North Carolina State Court Confirms the Attorney-Client Privilege’s Absolute Protection

April 11, 2012

Unlike the work product doctrine, the attorney-client privilege provides absolute protection if properly created and not waived.

In State v. Lowery, No. COA11-673, 2012 N.C. App. LEXIS 288, at *13 (N.C. Ct. App. Feb. 21, 2012), a criminal defendant argued that two witnesses’ attorney-client privilege claim “should ‘give way,’ to [his] right to question a witness about private conversations with his or her attorney.” The court pointed to the North Carolina Supreme Court’s acknowledgement that the attorney-client privilege “‘is unique among all privileged communications,'” and is “‘beneficial to the public, both in facilitating competent legal advice and ultimately in furthering the ends of justice.'” Id. at *13-14 (citation omitted). The court also noted defendant’s failure to provide any case law suggesting “that the attorney-client privilege should be nullified so that a defendant can question the witness about confidential conversations for the purpose of impeachment.” Id. at *14.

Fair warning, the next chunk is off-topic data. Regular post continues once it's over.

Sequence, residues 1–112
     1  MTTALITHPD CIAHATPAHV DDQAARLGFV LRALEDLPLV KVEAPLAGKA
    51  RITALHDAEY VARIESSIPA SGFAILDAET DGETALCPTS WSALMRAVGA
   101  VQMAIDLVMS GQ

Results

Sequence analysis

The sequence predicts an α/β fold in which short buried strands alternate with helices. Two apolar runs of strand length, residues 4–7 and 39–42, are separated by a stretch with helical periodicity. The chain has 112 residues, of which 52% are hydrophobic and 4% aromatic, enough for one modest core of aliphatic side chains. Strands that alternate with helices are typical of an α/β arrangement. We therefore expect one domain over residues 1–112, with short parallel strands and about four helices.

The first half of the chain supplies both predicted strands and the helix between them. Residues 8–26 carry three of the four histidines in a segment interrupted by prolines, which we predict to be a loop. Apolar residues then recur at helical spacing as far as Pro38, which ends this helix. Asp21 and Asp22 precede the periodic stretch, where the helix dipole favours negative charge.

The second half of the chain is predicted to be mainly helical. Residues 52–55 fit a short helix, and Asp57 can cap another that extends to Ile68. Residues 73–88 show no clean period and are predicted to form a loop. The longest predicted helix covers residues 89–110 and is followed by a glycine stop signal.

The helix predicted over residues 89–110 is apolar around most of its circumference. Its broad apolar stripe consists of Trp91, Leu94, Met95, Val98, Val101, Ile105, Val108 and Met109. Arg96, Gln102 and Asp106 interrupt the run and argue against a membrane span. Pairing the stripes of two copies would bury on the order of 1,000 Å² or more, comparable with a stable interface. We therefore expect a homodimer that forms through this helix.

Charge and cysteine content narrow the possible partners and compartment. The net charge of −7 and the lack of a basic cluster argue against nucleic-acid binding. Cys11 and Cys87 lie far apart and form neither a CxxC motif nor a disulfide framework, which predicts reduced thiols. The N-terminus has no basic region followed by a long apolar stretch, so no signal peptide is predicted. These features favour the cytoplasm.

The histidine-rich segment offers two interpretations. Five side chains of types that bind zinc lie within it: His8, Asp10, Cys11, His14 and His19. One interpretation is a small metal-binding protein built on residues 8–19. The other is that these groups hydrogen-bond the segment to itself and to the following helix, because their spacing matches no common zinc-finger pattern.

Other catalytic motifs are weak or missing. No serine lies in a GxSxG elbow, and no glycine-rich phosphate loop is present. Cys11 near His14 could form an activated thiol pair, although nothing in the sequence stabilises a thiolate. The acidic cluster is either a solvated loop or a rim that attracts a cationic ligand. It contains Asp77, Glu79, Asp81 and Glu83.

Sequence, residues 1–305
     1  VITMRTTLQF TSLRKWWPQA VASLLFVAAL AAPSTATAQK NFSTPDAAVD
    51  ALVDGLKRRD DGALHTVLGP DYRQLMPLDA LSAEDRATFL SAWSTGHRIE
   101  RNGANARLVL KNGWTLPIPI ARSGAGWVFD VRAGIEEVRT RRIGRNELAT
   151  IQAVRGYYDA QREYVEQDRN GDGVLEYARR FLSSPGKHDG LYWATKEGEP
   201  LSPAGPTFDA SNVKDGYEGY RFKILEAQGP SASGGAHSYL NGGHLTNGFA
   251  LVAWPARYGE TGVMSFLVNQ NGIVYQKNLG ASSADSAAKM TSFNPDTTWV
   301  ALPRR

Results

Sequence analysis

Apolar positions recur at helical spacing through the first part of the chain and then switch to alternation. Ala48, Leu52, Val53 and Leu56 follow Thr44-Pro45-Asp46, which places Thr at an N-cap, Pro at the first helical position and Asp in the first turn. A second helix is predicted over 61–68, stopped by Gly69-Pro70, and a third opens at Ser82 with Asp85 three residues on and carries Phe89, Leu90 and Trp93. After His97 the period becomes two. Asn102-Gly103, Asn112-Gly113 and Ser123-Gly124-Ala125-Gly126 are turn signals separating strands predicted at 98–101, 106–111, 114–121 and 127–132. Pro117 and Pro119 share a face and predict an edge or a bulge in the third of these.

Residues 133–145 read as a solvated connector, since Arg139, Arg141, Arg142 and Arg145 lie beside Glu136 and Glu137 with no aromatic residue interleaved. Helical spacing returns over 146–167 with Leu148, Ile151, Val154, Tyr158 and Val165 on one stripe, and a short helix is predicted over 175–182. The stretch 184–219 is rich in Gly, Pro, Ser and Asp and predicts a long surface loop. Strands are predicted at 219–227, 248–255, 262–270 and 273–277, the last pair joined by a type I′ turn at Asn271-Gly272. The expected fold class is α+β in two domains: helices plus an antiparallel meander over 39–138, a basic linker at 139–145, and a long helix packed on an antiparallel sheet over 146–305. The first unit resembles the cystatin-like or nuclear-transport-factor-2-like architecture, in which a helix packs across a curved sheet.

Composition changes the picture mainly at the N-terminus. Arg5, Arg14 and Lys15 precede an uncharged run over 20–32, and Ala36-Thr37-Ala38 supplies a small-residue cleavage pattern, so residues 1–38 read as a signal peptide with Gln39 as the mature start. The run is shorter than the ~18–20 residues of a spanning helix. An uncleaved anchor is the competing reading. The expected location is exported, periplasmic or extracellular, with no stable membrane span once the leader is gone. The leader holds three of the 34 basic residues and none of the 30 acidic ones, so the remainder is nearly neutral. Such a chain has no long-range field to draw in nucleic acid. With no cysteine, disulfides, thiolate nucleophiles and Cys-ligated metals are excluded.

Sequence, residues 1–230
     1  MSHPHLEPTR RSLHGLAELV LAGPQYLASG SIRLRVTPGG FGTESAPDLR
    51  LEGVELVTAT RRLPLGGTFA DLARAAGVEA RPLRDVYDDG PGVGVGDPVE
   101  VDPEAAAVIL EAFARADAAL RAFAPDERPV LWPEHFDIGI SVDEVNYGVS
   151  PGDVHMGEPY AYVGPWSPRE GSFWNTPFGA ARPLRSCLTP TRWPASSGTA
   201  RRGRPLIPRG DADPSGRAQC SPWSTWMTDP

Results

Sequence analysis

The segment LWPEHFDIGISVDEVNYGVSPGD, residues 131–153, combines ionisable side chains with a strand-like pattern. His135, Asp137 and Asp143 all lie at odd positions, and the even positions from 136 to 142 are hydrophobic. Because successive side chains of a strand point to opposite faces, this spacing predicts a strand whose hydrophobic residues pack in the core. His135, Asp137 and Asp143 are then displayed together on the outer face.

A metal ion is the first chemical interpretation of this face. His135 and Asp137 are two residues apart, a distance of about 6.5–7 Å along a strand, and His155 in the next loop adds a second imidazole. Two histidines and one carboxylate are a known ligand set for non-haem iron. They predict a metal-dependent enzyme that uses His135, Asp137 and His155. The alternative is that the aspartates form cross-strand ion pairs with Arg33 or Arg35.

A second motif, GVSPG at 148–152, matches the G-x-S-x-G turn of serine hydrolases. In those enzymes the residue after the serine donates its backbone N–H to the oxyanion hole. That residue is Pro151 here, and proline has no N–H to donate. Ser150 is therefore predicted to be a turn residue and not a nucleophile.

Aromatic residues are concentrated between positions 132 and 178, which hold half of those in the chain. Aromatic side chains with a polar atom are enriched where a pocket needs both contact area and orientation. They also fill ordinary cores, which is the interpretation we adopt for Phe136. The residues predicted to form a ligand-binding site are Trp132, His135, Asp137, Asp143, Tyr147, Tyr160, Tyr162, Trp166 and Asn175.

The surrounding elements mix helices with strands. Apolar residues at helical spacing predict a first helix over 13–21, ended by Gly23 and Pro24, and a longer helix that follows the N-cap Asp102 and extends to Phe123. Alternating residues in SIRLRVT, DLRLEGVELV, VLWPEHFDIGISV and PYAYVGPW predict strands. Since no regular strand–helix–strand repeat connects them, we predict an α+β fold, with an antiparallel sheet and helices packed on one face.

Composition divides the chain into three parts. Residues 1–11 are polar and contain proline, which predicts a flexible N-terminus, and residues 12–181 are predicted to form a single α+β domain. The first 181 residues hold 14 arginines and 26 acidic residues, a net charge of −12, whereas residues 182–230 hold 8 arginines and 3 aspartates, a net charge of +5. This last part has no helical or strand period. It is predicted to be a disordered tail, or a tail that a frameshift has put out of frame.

Lawyers should always consider the possible applicability of the attorney-client privilege, because it can offer absolute protection. However, that protection comes with a price – the privilege’s absolute nature makes it difficult to create and very fragile.